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Xavier's Security Post
Friday, December 30, 2005
  Thoughts on the .wmf 0-day and uses for mischief
For Security enthusiasts out there reading this post, it should be apparent by now that there is a wide spread hosting of malicious .wmf files out there. Those files exploit a vulnerability in the handling of image metafiles in most of the distributions of Windows from WinME up to XP. Here is CERT's advisory and here is a response from Microsoft. And of course, the blog over at F-Secure is just fantastic in researching the propagation/spread and exploitation of the mentioned .wmf files. Jerome Athias posted a solution on the Full Disclosure list with the following fix:
Note that you can register or unregister shimgvw.dll to enable or
disable WPFV:
- Disable: Start > Run > regsvr32 /u shimgvw.dll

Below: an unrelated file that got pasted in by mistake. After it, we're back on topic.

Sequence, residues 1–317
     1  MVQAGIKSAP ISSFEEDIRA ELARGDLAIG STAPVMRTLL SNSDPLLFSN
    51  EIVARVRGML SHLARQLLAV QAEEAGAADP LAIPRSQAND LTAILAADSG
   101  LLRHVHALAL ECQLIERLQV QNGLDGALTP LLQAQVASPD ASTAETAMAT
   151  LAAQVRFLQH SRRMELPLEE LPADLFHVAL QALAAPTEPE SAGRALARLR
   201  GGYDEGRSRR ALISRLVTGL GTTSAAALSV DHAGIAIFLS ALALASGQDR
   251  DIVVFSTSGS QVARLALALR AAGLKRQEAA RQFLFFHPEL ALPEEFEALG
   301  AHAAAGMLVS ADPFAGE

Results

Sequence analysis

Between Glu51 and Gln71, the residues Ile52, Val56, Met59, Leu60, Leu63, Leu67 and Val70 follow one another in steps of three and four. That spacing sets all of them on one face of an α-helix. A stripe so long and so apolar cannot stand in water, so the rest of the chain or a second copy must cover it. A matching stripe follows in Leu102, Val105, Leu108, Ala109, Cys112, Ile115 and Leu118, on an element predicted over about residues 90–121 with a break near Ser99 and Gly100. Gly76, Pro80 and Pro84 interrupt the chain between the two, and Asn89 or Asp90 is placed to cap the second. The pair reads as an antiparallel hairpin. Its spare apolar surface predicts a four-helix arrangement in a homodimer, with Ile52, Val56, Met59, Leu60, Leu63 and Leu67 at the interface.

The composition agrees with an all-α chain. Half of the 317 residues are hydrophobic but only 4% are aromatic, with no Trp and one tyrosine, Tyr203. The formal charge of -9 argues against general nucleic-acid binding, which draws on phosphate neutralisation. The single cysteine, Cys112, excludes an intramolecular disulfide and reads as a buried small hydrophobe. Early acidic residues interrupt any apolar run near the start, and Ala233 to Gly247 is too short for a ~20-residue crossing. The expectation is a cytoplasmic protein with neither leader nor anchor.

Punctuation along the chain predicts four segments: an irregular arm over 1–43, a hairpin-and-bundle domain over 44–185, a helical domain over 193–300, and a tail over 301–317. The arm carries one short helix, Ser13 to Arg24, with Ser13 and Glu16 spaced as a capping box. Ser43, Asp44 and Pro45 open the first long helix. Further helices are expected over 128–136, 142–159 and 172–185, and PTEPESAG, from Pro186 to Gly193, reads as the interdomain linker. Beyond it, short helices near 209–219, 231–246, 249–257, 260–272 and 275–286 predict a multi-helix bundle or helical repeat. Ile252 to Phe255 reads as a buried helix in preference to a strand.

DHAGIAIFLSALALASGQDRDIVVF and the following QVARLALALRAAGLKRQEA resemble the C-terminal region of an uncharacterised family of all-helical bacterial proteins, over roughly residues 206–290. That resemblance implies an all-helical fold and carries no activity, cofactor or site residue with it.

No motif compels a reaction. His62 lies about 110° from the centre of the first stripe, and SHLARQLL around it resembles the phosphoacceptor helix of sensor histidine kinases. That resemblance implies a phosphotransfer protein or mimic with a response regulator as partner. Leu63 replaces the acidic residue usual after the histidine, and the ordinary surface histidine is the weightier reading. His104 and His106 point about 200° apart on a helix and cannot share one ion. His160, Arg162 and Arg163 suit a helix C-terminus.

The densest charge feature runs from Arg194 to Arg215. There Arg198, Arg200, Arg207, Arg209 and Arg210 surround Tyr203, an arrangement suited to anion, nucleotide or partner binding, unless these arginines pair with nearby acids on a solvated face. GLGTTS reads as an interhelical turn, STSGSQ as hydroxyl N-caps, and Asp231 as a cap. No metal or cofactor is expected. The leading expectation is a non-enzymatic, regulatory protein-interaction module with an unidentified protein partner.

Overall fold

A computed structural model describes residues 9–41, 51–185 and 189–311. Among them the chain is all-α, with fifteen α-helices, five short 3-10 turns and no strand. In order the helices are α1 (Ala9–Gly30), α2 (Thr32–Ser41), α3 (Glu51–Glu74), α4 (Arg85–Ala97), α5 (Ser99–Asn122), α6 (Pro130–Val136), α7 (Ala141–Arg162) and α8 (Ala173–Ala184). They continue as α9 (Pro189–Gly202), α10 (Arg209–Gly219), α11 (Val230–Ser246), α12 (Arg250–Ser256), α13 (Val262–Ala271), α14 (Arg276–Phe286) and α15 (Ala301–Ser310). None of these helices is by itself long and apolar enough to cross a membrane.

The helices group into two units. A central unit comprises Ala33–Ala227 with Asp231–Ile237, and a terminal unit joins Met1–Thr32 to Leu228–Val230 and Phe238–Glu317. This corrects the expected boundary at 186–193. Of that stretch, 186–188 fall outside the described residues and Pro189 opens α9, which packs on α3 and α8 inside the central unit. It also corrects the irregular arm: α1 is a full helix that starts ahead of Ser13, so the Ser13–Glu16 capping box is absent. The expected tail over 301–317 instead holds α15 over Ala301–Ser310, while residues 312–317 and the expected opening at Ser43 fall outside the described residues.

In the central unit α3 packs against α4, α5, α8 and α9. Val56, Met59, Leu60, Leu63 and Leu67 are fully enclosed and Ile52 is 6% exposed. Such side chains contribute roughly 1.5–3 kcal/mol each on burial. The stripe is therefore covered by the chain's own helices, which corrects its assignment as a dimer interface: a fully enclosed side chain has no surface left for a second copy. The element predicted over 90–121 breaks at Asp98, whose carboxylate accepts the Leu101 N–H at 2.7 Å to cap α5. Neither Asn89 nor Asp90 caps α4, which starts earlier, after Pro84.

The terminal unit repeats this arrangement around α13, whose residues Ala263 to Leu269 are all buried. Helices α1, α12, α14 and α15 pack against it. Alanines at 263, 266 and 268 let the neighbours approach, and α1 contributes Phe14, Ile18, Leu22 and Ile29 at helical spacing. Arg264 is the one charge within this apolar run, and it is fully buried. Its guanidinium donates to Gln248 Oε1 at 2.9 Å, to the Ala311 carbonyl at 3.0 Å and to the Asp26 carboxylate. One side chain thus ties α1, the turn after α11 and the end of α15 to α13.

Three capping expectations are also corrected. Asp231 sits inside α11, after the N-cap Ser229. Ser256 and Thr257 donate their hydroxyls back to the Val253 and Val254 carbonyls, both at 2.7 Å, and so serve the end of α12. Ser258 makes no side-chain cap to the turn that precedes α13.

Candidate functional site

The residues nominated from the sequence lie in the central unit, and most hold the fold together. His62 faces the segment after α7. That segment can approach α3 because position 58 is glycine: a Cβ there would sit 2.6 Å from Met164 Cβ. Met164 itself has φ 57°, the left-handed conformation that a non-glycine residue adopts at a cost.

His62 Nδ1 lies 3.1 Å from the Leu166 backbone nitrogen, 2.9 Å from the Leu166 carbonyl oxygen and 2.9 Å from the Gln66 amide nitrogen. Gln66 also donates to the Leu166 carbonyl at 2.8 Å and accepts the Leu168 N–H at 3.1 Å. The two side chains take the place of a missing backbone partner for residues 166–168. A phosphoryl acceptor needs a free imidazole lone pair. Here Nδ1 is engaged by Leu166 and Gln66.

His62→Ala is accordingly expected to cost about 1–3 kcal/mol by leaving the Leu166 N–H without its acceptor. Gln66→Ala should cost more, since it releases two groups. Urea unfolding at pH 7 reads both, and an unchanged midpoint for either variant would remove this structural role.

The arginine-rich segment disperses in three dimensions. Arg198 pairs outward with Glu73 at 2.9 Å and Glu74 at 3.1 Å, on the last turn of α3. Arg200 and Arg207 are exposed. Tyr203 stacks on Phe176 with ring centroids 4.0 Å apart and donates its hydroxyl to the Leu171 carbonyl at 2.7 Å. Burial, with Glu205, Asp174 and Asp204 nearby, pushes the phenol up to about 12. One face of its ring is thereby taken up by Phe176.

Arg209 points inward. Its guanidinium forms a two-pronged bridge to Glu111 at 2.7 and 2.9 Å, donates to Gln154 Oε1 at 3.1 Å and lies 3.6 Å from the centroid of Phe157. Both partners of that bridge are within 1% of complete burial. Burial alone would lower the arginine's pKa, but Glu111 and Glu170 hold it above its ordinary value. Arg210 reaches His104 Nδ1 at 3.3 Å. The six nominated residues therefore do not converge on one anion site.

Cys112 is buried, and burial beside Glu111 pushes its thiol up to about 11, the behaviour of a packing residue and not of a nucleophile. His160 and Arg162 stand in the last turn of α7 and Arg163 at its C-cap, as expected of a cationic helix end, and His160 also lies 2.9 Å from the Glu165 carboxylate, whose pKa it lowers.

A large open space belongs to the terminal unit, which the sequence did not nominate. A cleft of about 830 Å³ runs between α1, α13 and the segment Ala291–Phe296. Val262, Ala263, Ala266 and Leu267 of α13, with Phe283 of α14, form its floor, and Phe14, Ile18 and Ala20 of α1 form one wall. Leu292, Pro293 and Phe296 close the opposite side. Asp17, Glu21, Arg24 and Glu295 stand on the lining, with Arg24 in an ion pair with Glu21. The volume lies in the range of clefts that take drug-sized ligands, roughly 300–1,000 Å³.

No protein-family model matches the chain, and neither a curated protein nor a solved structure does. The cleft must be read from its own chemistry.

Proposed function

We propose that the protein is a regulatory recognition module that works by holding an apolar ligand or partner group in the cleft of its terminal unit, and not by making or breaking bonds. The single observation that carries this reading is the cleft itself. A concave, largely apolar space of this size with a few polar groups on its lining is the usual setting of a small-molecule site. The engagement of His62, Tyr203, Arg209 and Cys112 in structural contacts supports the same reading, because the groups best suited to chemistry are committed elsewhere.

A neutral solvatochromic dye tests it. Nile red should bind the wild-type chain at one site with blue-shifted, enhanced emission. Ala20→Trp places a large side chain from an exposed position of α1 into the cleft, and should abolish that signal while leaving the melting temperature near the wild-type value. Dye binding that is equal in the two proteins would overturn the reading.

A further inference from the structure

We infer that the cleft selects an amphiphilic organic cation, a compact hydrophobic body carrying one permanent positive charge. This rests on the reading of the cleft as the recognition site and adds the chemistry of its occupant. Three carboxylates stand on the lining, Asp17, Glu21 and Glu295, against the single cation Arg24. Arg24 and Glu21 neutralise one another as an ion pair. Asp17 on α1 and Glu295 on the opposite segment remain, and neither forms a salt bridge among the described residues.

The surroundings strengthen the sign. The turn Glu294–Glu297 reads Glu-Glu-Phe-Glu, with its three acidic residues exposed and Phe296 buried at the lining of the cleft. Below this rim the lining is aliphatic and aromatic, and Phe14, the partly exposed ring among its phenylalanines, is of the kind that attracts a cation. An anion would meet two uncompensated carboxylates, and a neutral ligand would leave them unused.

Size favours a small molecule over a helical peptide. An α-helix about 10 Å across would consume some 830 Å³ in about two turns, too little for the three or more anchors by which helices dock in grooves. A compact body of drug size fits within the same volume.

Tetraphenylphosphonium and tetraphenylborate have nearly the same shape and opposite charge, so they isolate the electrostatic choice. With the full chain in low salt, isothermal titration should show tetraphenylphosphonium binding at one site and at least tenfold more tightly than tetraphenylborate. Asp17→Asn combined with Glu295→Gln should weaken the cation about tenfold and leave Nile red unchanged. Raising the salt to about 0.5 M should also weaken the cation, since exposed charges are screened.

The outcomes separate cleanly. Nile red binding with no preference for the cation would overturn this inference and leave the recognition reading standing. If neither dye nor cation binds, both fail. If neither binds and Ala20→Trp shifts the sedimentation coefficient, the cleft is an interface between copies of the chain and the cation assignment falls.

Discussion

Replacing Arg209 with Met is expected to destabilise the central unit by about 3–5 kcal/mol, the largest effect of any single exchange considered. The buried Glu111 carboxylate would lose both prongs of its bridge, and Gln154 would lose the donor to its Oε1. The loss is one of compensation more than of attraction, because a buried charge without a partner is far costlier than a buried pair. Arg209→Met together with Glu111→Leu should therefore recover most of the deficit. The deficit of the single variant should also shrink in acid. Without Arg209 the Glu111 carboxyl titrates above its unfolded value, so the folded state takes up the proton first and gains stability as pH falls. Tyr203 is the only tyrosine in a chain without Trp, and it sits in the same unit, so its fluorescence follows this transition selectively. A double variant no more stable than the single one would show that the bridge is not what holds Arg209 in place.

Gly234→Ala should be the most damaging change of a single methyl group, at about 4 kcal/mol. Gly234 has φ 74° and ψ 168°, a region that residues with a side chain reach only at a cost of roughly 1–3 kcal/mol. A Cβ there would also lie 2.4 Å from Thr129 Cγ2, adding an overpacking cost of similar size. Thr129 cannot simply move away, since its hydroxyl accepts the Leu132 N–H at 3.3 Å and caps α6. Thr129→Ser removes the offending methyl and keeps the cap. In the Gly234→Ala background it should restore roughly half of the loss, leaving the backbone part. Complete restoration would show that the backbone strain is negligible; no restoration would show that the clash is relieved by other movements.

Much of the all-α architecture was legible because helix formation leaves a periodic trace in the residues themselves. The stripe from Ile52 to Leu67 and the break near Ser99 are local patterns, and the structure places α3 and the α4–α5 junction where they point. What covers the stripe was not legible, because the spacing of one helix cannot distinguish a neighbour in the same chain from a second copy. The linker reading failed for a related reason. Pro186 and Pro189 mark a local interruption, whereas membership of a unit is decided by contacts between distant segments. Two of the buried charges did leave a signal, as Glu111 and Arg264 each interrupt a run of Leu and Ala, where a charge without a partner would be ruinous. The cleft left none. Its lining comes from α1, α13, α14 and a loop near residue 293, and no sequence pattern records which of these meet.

- Enable: Start > Run > regsvr32 shimgvw.dll
disabling shimgvw in this case will alleviate the problem, and once you've installed Microsoft's update, you can enable it again.

now, I have to wonder if attackers are going to take this opportunity to discover XSS holes in _huge_ community sites like MySpace, Xanga, Livejournal, Blackplanet, etc, modify JS/Spacehero-A (like GodOfTheNoose), and create moments of mass exploitation by cleverly using vectors such as .swf embed/redirects to infect large amounts of victims. hmm.
Monday, December 19, 2005
  Last words on that MySpace worm (GodOfTheNoose)
I was able to learn a lot about the XSS worm that affected MySpace a few days ago, and it was a neat little experience. Especially since I was able to take a real live look at it as it actually spread, and affected users. Here are some things that are definitely known:

1) The primary issue was an unsanitized variable by the name of "TheName" which allowed the execution of JavaScript code.